Growing up, I’ve always been told not to talk to strangers. “Strangers are bad people. They are going to kidnap you or kill you.” and I don’t blame my parents for saying that because as a young child, I probably could not discern the good and bad guys so to make things easier, they taught me to eliminate talking to strangers altogether. However, as I grew up I realised talking to strangers is one of the most exciting things to do.
I discover the joy of talking to strangers during the year I spent in New Zealand, in a city called Invercargill. The population of the city was about 50,000 at that time. 10,000 in the urban area. Because there were so few people, everyone were like neighbors and you’d just naturally greet any strangers you came across. You even say “hello” to the bus driver when boarding the bus and shout “thank you” when alighting. It was a bit of culture shock to me when I was first approached by a stranger at the bus stop while waiting for the bus. But through that conversation I learnt about his interesting past and we became very good friends. To me it was an eye opener, window to a world that I wouldn’t have known if he hadn’t shared with me.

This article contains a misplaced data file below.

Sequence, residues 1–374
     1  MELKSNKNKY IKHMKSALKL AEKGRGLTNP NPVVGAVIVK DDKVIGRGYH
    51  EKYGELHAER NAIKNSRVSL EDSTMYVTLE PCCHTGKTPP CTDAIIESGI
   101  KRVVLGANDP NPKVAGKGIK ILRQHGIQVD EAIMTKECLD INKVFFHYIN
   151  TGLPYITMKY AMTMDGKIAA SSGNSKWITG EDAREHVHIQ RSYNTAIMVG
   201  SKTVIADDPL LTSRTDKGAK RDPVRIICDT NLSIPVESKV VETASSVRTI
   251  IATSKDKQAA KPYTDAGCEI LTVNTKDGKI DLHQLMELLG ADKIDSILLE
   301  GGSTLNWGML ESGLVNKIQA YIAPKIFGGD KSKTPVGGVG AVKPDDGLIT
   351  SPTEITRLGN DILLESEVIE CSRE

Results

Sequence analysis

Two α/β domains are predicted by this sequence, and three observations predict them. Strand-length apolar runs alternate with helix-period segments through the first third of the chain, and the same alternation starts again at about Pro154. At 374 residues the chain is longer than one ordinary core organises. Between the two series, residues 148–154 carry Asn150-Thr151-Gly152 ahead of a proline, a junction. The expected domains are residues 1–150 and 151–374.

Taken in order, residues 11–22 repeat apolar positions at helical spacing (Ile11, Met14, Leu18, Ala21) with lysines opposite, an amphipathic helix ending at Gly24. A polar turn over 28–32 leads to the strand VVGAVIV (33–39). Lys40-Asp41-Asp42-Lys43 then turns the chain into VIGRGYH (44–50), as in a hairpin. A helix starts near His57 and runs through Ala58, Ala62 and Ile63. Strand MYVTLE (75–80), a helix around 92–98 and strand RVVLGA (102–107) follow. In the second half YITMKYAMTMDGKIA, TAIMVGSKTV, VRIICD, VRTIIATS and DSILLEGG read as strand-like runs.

Also, as a person who like to travel without tour group and preferably to a place that I’ve never been before, I often find myself at the mercy of strangers. I had to trust strangers to point me to the right direction and I find it a lot easier to find my way by asking strangers than to figure out my own way using the map.
One of the reasons why we don’t usually talk to strangers, for me, is because I’m afraid. Sometimes we are afraid of the unknown and the many what ifs it comes with. But I’ve learnt that people are a lot kinder than we give them credit for. Of course, you don’t talk to people who offer you lollipops and ask you to sit in their car. That’s how people die. But in most situations, talking to strangers can be pretty interesting and you’ll never know you meet.
After all, don’t we all start out as strangers?